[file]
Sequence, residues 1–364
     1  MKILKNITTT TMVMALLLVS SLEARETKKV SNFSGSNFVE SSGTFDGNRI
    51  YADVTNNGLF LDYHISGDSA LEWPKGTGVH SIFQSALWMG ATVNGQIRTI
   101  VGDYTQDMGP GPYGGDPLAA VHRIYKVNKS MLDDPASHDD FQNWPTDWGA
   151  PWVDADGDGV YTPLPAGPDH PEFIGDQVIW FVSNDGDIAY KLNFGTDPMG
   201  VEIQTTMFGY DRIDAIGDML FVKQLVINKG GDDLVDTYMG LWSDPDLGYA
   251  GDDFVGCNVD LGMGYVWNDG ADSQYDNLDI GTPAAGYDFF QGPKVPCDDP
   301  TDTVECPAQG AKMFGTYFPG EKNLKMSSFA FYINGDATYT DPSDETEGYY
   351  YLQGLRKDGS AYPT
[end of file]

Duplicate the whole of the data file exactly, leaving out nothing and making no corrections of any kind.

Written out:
Sequence, residues 1–364
     1  MKILKNITTT TMVMALLLVS SLEARETKKV SNFSGSNFVE SSGTFDGNRI
    51  YADVTNNGLF LDYHISGDSA LEWPKGTGVH SIFQSALWMG ATVNGQIRTI
   101  VGDYTQDMGP GPYGGDPLAA VHRIYKVNKS MLDDPASHDD FQNWPTDWGA
   151  PWVDADGDGV YTPLPAGPDH PEFIGDQVIW FVSNDGDIAY KLNFGTDPMG
   201  VEIQTTMFGY DRIDAIGDML FVKQLVINKG GDDLVDTYMG LWSDPDLGYA
   251  GDDFVGCNVD LGMGYVWNDG ADSQYDNLDI GTPAAGYDFF QGPKVPCDDP
   301  TDTVECPAQG AKMFGTYFPG EKNLKMSSFA FYINGDATYT DPSDETEGYY
   351  YLQGLRKDGS AYPT